“The LORD said to me again, ‘Go, love a woman who has a lover and is an adulteress, just as the LORD loves the people of Israel, though they turn to other Gods and love raisin cakes.” Hosea 3:1
I taught Hosea 3:1 to my confirmation small group last year, hoping to instill in them that the Bible has all kinds of interesting verses—and to encourage them to explore their Bibles*. This verse also invites us to read deeply, and not just accept things on surface value; i.e., God is not saying that eating raisins and prostitution are equivalent. A little research tells us that people who love raisin cakes tell fortunes, or worship other Gods.
God asks a lot from Hosea in this verse. Specifically, Hosea is asked to:
1) Approach someone who may or may not be interested in him and his ideas
2) Love and trust someone deeply who appears to not be trustworthy and who has clearly gone astray (Forgiving the person seems to be implicit here too)
3) Love as God loves Israel
These seem to be themes that come up again throughout our Holy Scriptures. Jesus’ message was far from universally well received (John 7:40-44, among others). With respect to trusting strangers, the disciples were ordered to go to towns to preach the Good News, not carrying money, and trusting that people would welcome them in (Luke 10). The last command may be the most difficult of the three, and again one that’s repeated throughout the Bible: love sacrificially and love our neighbors as ourselves.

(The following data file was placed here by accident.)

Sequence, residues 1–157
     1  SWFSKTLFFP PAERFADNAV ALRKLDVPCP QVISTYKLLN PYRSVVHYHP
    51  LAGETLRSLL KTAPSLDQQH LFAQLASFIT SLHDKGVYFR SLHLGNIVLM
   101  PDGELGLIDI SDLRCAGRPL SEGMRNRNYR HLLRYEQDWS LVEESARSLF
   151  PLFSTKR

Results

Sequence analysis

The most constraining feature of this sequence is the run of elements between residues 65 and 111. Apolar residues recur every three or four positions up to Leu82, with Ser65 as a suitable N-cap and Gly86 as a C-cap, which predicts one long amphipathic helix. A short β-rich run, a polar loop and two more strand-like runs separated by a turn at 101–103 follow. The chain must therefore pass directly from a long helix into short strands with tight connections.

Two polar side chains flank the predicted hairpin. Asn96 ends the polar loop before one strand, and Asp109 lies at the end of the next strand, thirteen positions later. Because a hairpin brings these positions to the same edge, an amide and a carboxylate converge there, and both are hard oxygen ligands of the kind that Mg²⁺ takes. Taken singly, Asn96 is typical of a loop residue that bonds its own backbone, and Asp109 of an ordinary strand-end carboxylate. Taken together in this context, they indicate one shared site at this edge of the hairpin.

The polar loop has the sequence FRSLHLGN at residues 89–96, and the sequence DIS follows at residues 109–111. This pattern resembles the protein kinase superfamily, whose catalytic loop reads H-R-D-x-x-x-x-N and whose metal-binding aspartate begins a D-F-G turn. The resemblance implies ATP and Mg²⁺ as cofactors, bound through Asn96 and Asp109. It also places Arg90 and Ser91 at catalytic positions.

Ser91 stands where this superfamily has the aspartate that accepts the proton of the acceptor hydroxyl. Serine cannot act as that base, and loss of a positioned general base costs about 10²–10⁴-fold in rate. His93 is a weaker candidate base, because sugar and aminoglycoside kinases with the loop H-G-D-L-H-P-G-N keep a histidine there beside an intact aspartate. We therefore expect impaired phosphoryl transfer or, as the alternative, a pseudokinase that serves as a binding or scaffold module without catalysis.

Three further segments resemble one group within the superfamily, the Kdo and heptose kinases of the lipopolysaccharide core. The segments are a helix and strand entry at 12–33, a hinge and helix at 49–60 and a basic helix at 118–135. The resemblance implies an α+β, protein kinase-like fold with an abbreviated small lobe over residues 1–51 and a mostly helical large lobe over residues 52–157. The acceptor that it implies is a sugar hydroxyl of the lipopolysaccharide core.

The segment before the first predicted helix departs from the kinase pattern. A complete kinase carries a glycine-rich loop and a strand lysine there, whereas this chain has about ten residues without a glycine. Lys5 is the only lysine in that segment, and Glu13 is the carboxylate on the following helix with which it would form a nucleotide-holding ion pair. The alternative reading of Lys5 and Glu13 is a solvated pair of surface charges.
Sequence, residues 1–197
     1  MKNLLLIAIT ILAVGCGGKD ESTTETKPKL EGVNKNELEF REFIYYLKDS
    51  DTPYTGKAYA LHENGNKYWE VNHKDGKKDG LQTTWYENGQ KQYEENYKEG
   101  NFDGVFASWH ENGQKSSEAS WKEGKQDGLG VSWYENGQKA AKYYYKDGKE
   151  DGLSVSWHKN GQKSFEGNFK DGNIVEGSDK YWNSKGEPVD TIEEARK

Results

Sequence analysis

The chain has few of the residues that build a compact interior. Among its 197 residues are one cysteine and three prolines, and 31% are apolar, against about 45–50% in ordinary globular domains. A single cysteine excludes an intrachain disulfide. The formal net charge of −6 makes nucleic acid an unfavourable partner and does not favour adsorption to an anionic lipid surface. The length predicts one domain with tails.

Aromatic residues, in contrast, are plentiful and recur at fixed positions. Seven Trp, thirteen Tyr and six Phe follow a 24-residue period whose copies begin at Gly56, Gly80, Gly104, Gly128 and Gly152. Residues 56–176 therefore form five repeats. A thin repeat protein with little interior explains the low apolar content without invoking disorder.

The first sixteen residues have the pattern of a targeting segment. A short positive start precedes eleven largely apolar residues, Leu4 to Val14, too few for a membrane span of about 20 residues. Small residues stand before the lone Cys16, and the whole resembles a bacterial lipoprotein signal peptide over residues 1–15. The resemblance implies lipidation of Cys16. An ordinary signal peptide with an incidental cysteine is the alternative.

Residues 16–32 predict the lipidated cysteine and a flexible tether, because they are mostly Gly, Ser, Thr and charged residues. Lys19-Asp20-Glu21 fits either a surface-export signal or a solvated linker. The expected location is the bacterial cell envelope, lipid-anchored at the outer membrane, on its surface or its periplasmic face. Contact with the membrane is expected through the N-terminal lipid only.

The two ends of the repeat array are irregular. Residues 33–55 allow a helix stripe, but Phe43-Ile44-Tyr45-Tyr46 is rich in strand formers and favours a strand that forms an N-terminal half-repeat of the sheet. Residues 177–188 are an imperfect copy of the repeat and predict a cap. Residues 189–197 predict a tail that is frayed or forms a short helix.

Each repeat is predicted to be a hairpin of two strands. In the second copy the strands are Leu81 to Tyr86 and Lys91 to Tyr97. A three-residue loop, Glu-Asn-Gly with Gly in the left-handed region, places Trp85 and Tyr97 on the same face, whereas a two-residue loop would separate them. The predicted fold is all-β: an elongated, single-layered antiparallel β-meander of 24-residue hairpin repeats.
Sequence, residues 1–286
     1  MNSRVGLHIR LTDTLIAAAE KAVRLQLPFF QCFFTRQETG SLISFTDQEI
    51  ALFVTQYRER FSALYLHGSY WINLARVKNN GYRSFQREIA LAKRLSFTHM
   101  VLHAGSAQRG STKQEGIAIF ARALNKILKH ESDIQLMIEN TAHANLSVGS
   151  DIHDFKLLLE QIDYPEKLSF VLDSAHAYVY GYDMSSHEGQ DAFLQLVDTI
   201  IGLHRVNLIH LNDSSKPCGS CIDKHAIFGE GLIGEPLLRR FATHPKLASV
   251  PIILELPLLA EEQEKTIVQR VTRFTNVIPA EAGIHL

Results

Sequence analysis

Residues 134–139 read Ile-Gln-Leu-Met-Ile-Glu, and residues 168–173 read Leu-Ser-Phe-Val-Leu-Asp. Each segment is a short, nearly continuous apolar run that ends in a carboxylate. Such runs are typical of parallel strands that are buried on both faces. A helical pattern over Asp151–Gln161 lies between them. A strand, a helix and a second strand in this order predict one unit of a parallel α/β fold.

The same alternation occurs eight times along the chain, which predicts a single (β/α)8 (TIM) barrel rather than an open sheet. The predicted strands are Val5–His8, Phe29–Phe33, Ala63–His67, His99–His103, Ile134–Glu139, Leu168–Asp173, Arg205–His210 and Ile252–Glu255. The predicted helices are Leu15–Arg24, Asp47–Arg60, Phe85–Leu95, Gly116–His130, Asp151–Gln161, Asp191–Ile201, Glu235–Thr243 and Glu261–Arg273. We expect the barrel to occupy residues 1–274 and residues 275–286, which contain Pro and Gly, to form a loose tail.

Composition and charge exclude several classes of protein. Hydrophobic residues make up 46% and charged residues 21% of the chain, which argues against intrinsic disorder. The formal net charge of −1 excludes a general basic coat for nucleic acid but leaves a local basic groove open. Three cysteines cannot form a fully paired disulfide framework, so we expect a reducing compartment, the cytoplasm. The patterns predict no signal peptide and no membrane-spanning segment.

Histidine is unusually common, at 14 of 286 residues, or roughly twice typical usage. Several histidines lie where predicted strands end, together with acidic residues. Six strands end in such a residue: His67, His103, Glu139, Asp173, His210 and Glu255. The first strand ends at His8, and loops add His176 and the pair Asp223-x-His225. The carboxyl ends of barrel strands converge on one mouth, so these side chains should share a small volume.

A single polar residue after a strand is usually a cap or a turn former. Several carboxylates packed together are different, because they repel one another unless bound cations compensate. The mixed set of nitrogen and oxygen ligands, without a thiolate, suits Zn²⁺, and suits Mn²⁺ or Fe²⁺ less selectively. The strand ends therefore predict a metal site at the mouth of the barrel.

Yet despite the challenge before us in obeying these commandments, there is a hint of grace in this verse: God repeated his requests to Hosea, rather than losing patience for his failure to comply. Our God is patient, and as we see more clearly in other verses, loving beyond measure.
As Christians, we are asked to perform seemingly impossible tasks, including the ones in Hosea 3:1. As you live these daunting commands this week, I encourage you to remember that the God who ordered them is, to paraphrase Hosea 11, a God that cannot give us up, a God who lifts us lovingly like infants to His cheek, and the Holy One in our midst.
Holy God, help us to remember your commandments and have the courage to live this love in Your name, trusting you are among us. Amen.
* Confession: I also taught them this verse because the juxtaposition between raisin cakes and prostitution still makes me smile, even though I understand what it means. Sincere thanks to the parents who tolerated their youth reciting this verse for weeks, and to Pastor Melinda, who probably heard it more than anyone else.
Photo By Abhinav619 (Own work) [CC-BY-SA-3.0 (www.creativecommons.org/licenses/by-sa/3.0)], via Wikimedia Commons